Addressing inter-sectional knowledges and spatial structures entangled within social and ecological tensions of a forest under fire, the studio will interrogate bio-resources – both extracted and extracted from – through the specific, elemental materials and processes that comprise the inhabited forest. In step with the global push for ‘clean’ energy and the prolific expansion of networked territories and network capacities, the increased availability of new technologies rapidly reconfigures traditional methods and communities of resource extraction. Increasing access to global production networks and global commodity chains significantly alters traditional structures of exploitation and unlocks new resource markets. These new markets are actively reorganising relationships – both seen and unseen – across vast territories of resource-rich terrain, particularly in the global south.
Working from the elemental to the geopolitical, students will design pathways of research and spatial interventions that highlight and engage with disputes between forest conservation, land rights policies, anthropogenic ecologies and economic evolutions in Borneo – an island shared by Indonesia, Malaysia, and Brunei.
RS2 proposes an alternative way of thinking and designing architecture and environments through platforms – physical and virtual – that act as forms of collective, political, and spatial practice. The studio encourages students to think simultaneously across multiple scales and medias, proposing architectural models and strategies for a wide array of collectives engaged in sites of environmental conflict. As in previous years, RS2’s main research question is: What kind of architecture could emerge when we think about and design with environments that shift paradigms of empowerment towards justice?
Kalimantan (Indonesian Borneo) Burning, September 2015: NASA Satellite Imagery.
Driven by a growing demand for – and investments in – palm oil and other bio-industrial cash crops for food and energy and coupled with carbon-storage trading initiatives such as the UN-backed Reduced Emissions from Deforestation and Forest Degradation (REDD+) scheme, the exploitation of resource-rich regions has intensified rapidly in recent decades. Attracted by a remarkable potential for fast and vast profits, the actors behind these processes are as diverse as the drivers. Rising out of clashing interests, perspectives, and power relationships, various types of conflict – often accompanied by a weakening of state control – over rights to land and resources result in multi-scalar forest degradation. Misunderstood, complex forest ecologies and insufficient data contribute to poorly enforced regulatory policies. In this context, local indigenous tribes have turned to new technologies to operationalise opportunity – and resistance.
Burnt soil, Commercial Palm Oil Plantation, Central Kalimantan, January 2019: Christina Leigh Geros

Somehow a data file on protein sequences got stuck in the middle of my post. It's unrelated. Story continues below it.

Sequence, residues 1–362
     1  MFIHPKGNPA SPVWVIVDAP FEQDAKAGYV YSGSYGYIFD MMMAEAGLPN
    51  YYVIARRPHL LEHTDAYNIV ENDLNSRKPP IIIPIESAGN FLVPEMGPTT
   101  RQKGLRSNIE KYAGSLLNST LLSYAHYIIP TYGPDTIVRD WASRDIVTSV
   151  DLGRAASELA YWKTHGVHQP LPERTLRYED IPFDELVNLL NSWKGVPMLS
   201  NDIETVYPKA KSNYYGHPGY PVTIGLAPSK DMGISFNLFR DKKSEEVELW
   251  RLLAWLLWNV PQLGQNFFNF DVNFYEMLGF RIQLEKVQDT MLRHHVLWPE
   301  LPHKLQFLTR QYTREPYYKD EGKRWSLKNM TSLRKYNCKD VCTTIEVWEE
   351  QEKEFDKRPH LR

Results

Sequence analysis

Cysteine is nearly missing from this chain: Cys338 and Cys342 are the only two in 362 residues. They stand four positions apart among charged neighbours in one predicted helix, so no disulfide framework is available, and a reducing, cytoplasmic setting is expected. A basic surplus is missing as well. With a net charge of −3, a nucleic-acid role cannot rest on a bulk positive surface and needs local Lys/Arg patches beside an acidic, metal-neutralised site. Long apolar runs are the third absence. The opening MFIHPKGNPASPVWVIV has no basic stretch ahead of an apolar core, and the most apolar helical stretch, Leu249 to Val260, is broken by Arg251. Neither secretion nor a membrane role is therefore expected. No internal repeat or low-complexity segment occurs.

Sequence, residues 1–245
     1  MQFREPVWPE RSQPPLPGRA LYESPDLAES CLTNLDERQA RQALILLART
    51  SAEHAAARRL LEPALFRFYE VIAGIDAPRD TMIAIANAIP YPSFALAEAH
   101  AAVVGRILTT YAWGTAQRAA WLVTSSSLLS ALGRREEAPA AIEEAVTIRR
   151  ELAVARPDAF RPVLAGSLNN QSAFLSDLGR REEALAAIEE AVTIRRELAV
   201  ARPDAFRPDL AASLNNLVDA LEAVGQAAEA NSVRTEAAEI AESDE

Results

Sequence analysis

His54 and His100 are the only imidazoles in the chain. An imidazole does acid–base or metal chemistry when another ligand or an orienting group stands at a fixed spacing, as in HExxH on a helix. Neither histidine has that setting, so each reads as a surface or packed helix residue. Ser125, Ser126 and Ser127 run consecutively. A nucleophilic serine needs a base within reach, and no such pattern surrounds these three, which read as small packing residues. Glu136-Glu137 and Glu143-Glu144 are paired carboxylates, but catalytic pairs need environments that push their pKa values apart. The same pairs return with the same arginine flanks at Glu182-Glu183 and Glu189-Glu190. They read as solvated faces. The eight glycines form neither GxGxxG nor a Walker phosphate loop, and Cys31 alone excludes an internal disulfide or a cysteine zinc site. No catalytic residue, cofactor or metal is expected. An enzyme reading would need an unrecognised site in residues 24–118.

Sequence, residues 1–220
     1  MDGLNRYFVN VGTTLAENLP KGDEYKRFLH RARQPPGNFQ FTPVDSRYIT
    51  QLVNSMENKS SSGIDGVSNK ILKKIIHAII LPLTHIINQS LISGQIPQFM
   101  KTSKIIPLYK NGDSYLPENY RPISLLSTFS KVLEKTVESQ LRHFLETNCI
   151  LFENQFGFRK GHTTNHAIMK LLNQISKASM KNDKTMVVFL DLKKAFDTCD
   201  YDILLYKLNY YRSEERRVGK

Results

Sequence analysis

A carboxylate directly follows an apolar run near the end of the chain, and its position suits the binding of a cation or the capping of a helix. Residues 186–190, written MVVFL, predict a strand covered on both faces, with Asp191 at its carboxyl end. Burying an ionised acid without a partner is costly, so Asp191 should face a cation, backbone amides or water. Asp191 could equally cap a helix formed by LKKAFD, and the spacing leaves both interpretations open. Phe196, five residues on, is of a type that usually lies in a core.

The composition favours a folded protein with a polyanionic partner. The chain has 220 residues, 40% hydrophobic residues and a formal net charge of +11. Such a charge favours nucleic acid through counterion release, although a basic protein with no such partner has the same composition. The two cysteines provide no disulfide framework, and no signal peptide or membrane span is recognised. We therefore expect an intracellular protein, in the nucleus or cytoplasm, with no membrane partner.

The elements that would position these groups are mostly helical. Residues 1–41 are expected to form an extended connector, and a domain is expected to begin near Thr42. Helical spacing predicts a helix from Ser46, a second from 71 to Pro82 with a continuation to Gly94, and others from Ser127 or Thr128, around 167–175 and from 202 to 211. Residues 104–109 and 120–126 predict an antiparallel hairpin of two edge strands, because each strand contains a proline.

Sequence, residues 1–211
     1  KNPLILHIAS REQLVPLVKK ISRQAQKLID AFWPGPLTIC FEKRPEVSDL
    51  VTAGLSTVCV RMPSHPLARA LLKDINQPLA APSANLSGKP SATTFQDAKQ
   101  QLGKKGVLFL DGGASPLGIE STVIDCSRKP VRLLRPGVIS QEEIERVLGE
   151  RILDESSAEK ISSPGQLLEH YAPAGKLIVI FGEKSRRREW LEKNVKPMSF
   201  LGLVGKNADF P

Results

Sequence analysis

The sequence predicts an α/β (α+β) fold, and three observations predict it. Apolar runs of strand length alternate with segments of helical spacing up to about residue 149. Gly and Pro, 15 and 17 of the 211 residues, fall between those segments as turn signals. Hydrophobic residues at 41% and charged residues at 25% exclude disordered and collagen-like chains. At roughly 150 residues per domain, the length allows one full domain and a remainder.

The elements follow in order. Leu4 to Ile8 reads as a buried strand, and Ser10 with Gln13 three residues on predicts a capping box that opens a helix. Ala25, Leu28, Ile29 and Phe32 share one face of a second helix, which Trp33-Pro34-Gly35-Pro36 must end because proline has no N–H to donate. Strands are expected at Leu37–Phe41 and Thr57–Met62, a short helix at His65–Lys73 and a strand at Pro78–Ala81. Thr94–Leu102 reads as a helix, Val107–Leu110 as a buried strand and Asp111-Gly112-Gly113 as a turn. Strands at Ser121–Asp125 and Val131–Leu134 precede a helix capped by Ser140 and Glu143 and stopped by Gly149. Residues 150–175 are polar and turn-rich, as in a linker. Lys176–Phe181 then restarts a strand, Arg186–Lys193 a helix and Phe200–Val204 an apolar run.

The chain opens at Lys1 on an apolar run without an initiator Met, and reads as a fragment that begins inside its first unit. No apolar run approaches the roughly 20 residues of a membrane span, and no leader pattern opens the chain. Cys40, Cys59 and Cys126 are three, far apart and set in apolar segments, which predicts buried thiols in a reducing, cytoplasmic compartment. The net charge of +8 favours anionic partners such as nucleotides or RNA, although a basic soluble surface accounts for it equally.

Tropical peatlands are found across Southeast Asia, Africa, Central and South America, and the Pacific – each with its own history of human occupation. Peatlands – or swamps – are carbon-rich, biologically diverse ecosystems and material commodity. Peat forms through a process of long-soaked decaying vegetal matter in tannin-rich waters; the resultant organic material, which stores up to twenty times more carbon than non-peat mineral soils, gradually accumulates, layer upon layer, over hundreds or even thousands of years. As a material, peat has been utilised, valued, and lived with variously around the globe. Too wet to burn, cultivation practices of peatlands have developed around a form of swidden – or slash and char – farming. Deep pockets of peat produce long, smouldering fires; restructuring soil nutrients and water-holding capacities into more stable organic matter capable of a full index of fertility. Over thousands of years these assemblages of human forest relations, or anthrosols, have transformed pockets of previously nutrient-poor soils into highly productive lands.
In these material contexts, the value of the traded commodity must be examined through the specific soil, air, water, and human dynamics that produce them. Industrialised in space and time, modern capital demands have taken their cues from traditional practices – engineering vast territories into cash crop monocultures, particularly oil palm and acacia, effectively transforming ‘wastelands’ into profit margins. As significant carbon sinks, the burning of each hectare of peatland emits an average of 55 tonnes of carbon dioxide and the Industrial scale slash and char farming has helped induce a frenzy of activity in the ‘carbon banking’ industry. Anthrosols are the not-yet recognised markers of the ongoing economic and elemental reconfiguration of the Earth.
Commercial Palm Oil Plantation, Central Kalimantan, January 2019: Christina Leigh Geros
Worldwide, there are approximately 450 million hectares of peatland, of which about 12 per cent are in the tropics. While Indonesia alone possesses nearly 50 per cent of total tropical peatland area, an estimated 20.9 million hectares, the development of productive anthrosols – past, present, and future – requires a specific set of geographic and anthropogenic circumstances. The third largest island in the world, Borneo is home to approximately 5.76 million hectares of peatland with an estimated occupation by ‘modern humans in the Bornean rainforest for over 50,000 years’. Over two-hundred ethnic subgroups of Dayak, or native peoples of Borneo, occupy the island’s riverine and mountainous terrain, developing a varied set of relationships and customs in forest knowledge, use, and cohabitation.
However, rapid and extensive forest conversion for bio-industrial crop production and large scale mining operations has reconfigured ecologies and redistributed populations. Despite a 2009 government moratorium on deforestation, it is estimated that 400,000 hectares of land per year are being lost across the archipelago – 160,000 hectares annually in Kalimantan (Indonesian Borneo) alone. In addition, there are 2.1 million hectares of disputed land claims, with 400,000 in West Kalimantan Province. To address these claims, the Indonesian government has implemented two significant programmes in effect since 2013. Meanwhile, the national courts have ratified constitutional amendments giving indigenous peoples the right to assert land ownership within state-owned forests. Due to these programmes, official government reports show the decrease of figures under dispute; however, conditions on the ground evidence otherwise, as these programmes tend to complicate forest management and conservation law.
Dayak communities have traditionally practised various forms of artisanal mining, forest agriculture, and selective logging, with the spatial distribution of Dayak villages and their activities woven into the web of the industrial-scale plantations and their infrastructures. In Kalimantan, self-mobilised local activists have been using drone imaging and online networks to document land concession violations. Against this growing appetite of industry and global demand, local forest inhabitants continue to raise new land claim disputes-but without a clear path towards action.